Lead in domestic piping

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I'm trying to determine what are the known causes for the lead in 30 year old domestic piping system, to begin leaching into the water. A lead test six years ago showed no lead. There is lead in the well water, but it is filtered out before entering the internal piping system. This lead is coming from within the piping system itself, and began to leach recently. Any info regarding what to look for, and solutions for solving the problem are appreciated
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RBM wrote:

I'd look for issues with the filter between the well and the internal piping, any new leaded brass fittings installed recently, any notable changes in the PH of the water, and otherwise talk to some experts.
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The water after the filters is lead free right before the internal piping, then the water at the taps have high lead levels. Any new plumbing in the house has used lead free solder
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Any new brass fixtures, fittings, or shutoff valves? Check the country of origin. If China, replace.
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I have to check. In my investigation, I'm seeing a lot of information pointing toward brass fixtures causing lead leaching. I thought it all came from China, but maybe some of the brass is from India
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At work our water gets checked twice a year because of the older Cu pipes we have. They take samples from all the faucets even the external hose bibs. Only one time have we had a failure and it was from one faucet. It was the only faucet not origonal to the building.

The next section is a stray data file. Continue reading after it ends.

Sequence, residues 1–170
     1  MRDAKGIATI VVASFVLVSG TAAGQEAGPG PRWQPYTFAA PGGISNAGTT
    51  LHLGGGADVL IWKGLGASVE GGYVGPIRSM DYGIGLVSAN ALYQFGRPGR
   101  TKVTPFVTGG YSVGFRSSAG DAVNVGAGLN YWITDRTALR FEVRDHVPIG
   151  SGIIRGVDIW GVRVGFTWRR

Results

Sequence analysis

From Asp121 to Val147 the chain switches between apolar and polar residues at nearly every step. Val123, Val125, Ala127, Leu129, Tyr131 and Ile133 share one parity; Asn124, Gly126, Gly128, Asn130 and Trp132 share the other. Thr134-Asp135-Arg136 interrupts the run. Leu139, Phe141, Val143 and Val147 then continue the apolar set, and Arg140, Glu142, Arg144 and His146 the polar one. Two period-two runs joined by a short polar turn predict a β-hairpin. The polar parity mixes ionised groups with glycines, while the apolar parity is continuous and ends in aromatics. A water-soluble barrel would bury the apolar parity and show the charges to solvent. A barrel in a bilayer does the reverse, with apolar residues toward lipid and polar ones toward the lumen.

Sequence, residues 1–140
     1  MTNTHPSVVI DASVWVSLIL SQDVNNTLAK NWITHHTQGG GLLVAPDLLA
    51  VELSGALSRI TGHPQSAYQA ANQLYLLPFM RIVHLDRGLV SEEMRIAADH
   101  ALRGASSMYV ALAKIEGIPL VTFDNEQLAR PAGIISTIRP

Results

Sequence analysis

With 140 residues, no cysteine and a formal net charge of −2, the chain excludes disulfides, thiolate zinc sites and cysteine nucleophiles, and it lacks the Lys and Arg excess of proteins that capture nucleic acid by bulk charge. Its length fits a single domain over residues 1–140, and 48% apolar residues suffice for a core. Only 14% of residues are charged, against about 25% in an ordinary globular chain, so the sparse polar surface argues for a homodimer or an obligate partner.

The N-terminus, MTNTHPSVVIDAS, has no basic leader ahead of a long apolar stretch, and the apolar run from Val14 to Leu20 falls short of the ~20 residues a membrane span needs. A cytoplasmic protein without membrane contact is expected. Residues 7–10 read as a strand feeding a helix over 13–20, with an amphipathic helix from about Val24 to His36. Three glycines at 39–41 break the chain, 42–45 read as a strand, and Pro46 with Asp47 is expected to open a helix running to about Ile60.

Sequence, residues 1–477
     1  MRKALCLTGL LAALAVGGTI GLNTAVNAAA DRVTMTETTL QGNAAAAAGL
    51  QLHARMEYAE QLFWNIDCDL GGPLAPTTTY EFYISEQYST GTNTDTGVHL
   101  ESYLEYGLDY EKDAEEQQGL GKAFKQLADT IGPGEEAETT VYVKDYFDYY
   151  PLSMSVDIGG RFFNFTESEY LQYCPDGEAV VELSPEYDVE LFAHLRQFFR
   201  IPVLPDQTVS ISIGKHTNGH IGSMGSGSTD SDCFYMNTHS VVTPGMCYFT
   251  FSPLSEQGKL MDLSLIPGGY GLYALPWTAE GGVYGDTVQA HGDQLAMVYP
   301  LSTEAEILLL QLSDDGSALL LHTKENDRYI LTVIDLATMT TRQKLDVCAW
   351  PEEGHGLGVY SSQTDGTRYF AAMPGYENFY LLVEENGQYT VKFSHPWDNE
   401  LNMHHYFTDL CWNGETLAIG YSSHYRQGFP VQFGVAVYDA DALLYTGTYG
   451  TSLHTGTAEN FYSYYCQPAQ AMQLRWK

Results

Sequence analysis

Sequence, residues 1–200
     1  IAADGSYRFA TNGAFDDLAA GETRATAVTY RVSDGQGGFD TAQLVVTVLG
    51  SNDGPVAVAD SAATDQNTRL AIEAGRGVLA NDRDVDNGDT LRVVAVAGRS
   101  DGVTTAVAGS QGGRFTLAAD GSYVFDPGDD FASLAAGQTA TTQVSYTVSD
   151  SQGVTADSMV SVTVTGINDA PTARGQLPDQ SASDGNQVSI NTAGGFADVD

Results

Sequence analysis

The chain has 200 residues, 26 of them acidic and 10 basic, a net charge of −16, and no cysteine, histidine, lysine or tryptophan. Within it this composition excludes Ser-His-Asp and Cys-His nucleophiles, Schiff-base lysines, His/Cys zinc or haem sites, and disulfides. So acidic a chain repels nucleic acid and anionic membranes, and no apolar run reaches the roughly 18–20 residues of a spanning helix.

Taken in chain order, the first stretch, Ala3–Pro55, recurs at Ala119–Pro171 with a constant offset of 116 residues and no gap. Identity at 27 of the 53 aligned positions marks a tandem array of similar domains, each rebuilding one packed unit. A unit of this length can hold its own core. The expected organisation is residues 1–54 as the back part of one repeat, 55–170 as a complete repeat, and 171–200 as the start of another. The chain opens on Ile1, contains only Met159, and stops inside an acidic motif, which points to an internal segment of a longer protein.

Jimmie
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That's another trouble spot. If you can, stick with parts made in North America, Western Europe, Australia, New Zealand, Israel, S. Africa, Taiwan, or S. Korea.
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Domestic piping system meaning "copper piping with 50/50 soldered joints"?
There is no reason to believe the solder would all of a sudden start to deteriorate to any great degree. I've seen some really, really old lead systems for water supply and drainage too and it does'nt seem like there is anything you do to corrode or degrade it visibly. I would look at the filter system for effectiveness, and also compare well water tests with older ones to look for an increase there. If indeed it proves to be the few joints of lead on the interior piping, all you can do is repipe with a lead free solder or other non-soldered system such as PEX.

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Solder and brass which often contains 2% lead for free machining. here the water department adds lime which puts a layer between the lead and the water. Never prepare food with hot tap water. What kind of levels are you seeing? Pipe is cheaper than a few sleepless nights or disease.
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wrote:

Solder and brass which often contains 2% lead for free machining. here the water department adds lime which puts a layer between the lead and the water. Never prepare food with hot tap water. What kind of levels are you seeing? Pipe is cheaper than a few sleepless nights or disease.
The levels were high, and in this house it would be a huge job to replace the piping
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snipped-for-privacy@yahoo.com wrote: